The chip level simulations are critical as the chip level is an area rich in bugs. Common bugs include incorrectly connected bias signals, control signals miswired, and supply lines in wrong supply domains. Although there can be other ways to find these bugs, such as by visual inspection, there are some bugs that can only be found with chip level simulations. An example are certain bugs in the RTL. It is during these simulations that the RTL is first simulated with the analog where the models used for the analog truly match the implementation, and not where the models were created by the digital designers who are generally unaware of all of the assumptions put into the analog blocks. As other benefits, it’s certainly satisfying to see that existing tools can provide such capabilities. It’s also gratifying to hand off the test setup to a chip lead so that he or she can run experiments on their chip on their own.
Getting the chip-level simulations to work is usually difficult. It often involves a lot of painful and frustrating work. Make no mistake, this is a daunting task in most complex analog, mixed-signal, and RF chips. To get this to work, we apply a bit of art, and an arsenal of experience. In this article, we’ll discuss a few of the tactics to get through the process. The tactics are most applicable when using Verilog-AMS models, but the basic principles are applicable even if you are using pure Verilog to model the analog.
Tactic #1: Write models keeping in mind that they will be in chip-level simulations
It is critical to plan and to expect that you will be doing chip-level simulations. Planning involves ensuring that the models will run quickly making the many trade-off decisions as discussed above. It also includes writing the models somewhat defensively knowing that the models will be used in a different context than that of the block level regression tests. I give this advice with a bit of hesitancy, because what modelers typically do when they model defensively is to focus on smoothing out signals with time expensive mathematical functions. This often doesn’t address the primary issues that occur at the chip-level, while certainly slowing down the simulations. Thus, this approach provides no benefit, but does reduce efficiency. So, when I say defensive, what I mean is to be defensive for the situations that actually occur at the chip level and at no time do anything that unnecessarily slows down the simulation. Here are some common issues that occur at the chip level.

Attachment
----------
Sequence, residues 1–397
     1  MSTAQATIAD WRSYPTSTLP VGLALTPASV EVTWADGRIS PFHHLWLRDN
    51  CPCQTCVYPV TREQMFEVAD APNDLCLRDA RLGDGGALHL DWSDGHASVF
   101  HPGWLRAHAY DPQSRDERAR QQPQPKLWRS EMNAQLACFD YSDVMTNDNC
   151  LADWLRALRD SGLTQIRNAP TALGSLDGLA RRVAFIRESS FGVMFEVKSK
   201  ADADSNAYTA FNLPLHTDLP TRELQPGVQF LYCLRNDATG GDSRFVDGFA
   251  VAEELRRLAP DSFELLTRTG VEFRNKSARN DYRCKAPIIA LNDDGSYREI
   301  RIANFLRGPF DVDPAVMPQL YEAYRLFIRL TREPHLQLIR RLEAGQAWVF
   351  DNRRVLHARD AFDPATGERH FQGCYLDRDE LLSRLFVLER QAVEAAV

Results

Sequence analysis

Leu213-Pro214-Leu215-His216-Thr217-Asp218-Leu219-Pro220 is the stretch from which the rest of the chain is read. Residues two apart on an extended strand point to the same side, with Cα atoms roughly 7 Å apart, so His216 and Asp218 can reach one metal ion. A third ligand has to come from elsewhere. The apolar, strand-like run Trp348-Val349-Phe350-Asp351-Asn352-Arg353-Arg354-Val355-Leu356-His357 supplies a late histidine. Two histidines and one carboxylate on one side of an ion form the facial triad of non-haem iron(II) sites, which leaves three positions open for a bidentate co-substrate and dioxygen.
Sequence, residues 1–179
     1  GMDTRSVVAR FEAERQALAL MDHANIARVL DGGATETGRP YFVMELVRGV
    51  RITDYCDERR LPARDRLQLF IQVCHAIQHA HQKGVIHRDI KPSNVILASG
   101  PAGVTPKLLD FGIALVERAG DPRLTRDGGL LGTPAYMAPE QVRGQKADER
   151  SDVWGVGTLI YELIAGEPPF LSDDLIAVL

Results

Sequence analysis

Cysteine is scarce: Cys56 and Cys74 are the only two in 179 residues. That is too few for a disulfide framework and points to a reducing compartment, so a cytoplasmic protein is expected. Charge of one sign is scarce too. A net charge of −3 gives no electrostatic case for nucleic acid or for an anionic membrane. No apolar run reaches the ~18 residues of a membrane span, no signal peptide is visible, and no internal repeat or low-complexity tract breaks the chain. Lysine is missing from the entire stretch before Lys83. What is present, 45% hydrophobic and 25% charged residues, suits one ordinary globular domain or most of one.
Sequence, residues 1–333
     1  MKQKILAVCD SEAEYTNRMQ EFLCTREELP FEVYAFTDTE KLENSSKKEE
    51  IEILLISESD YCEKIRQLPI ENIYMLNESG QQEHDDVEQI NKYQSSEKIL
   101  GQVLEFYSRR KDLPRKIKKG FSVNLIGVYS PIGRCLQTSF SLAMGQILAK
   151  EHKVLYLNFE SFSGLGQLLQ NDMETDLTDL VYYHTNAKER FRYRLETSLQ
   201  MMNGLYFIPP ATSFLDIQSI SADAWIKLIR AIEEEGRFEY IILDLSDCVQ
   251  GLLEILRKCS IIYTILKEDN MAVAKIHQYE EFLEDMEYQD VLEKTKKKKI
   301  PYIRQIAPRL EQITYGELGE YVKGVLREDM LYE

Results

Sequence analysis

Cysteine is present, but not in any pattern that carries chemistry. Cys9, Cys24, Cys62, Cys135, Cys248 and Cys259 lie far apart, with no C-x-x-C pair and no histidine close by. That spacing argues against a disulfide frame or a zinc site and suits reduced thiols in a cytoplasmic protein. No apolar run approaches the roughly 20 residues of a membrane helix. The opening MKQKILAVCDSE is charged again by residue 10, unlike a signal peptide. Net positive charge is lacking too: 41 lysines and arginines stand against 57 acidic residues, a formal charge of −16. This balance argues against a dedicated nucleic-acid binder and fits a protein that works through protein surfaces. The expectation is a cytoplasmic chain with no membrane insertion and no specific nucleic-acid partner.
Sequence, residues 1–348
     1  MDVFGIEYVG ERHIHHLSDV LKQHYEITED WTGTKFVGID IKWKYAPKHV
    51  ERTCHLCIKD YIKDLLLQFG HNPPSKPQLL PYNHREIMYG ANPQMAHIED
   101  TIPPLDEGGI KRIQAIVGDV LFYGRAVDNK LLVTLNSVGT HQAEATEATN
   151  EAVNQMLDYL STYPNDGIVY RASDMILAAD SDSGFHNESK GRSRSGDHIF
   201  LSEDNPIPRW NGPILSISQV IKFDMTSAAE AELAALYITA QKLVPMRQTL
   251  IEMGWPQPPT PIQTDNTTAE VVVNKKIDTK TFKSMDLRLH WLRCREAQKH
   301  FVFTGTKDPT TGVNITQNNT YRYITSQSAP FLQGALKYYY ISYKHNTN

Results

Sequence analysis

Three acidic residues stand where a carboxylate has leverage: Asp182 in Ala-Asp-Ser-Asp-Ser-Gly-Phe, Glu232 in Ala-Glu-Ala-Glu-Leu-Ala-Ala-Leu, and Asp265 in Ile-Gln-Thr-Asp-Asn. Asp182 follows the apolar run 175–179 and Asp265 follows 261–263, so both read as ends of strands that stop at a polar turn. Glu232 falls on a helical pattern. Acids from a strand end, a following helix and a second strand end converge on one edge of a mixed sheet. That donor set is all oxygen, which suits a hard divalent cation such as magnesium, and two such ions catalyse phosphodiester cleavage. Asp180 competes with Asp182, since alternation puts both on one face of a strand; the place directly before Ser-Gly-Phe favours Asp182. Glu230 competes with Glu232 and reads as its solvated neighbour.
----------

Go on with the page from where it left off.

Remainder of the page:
The first are X’s and Z’s from the RTL. In a block-level regression test, it is rare that the regression test will drive an X or Z into the model unless this is purposely done. The first part of the test usually initializes all of the pins of the device under test. However, at the chip-level, the RTL very typically initializes pins to X or Z. Digital designers and digital verification engineers use the X or Z to see what is going on in the hardware they are designing. They make no effort to remove them and usually take advantage of having them. So, one modeling technique we use is to filter digital inputs to remove X’s and Z’s.
Another source of errors at the chip level is due to current sources not being connected to anything. In a block-level regression test, it is rare that there will not be a sink for every source and vice versa. However, when first working at the chip-level, the design is usually in a state of flux where not all of the current sources are connected, since not all of the blocks have made their way into the top-level. Having an unconnected ideal current source in the model will likely cause the simulation to fail, because there is no current path for the current to flow. To avoid this, some place a conductance of gmin on every current source. Although this will give a current path, this is usually not a good solution, as an extremely high voltage will result on that node. High voltages can cause the simulator to effectively turn off its error controls if the proper options aren’t set. If the simulator has an “alllocal” type option, this can alleviate this issue. As a better option, current sources can be modeled so that if unconnected, the voltage on their output never goes below ground or above Vdd. After all, this is what real current sources do. Take care, however, when doing this not to violate the speed rule by using a needlessly complex math function to achieve this.
Putting assertions on the pins of the models are also an excellent way to catch potential issues. Assertions codify assumptions on the pins of the models. For example, an assertion can be placed on the supply input to verify that the input is within the desired supply voltage range. In practice, we place assertions on as many inputs as make sense. On occasion we write them for outputs.
Remember, the reason for taking the time to do this before chip-level simulations is that it is very difficult to debug anything at the chip level. Netlisting and just starting the simulations take time, and if there is an issue such as a convergence problem, the simulation speed slowdown is magnified at the chip-level. Debugging a single issue often takes an afternoon. It’s much better to avoid these problems in the first place.